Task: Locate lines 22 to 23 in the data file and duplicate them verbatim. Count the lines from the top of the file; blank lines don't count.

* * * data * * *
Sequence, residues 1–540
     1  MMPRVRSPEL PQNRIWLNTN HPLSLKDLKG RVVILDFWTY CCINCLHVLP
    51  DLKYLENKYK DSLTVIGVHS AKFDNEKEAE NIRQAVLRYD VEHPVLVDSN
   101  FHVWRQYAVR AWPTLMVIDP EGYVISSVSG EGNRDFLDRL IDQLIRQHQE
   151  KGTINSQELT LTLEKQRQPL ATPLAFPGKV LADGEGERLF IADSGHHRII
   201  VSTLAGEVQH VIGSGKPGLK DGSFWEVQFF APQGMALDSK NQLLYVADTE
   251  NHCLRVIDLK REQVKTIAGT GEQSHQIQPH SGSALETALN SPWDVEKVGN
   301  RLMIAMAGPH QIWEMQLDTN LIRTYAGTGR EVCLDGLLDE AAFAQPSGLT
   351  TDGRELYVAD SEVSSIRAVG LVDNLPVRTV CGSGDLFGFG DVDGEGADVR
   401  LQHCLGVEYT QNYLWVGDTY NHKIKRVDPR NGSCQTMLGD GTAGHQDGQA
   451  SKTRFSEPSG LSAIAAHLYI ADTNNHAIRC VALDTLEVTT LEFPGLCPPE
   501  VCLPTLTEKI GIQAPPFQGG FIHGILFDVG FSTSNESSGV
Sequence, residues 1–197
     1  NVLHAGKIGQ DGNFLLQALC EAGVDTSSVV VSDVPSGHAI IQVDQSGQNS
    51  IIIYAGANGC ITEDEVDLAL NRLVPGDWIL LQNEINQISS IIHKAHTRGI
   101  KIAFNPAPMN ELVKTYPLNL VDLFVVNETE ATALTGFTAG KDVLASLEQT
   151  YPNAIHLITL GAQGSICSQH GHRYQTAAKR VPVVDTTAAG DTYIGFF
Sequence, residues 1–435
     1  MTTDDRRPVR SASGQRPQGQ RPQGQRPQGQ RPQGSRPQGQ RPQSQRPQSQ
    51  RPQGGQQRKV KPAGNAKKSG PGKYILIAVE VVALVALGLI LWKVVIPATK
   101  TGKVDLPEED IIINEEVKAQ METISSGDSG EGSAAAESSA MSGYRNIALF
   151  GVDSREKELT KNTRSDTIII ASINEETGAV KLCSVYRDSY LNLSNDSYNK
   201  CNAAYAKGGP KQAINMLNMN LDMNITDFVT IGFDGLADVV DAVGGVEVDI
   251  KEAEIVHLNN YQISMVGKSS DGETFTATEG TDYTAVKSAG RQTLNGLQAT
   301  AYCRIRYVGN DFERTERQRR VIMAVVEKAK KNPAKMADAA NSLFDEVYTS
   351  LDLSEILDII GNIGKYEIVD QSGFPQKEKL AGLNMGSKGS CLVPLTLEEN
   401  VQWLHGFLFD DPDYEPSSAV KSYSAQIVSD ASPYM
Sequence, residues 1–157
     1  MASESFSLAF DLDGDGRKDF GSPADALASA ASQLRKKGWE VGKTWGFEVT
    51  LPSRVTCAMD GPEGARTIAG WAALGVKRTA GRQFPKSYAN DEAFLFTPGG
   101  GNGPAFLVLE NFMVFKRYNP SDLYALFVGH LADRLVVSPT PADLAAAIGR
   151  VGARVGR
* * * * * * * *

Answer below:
   151  GVDSREKELT KNTRSDTIII ASINEETGAV KLCSVYRDSY LNLSNDSYNK
   201  CNAAYAKGGP KQAINMLNMN LDMNITDFVT IGFDGLADVV DAVGGVEVDI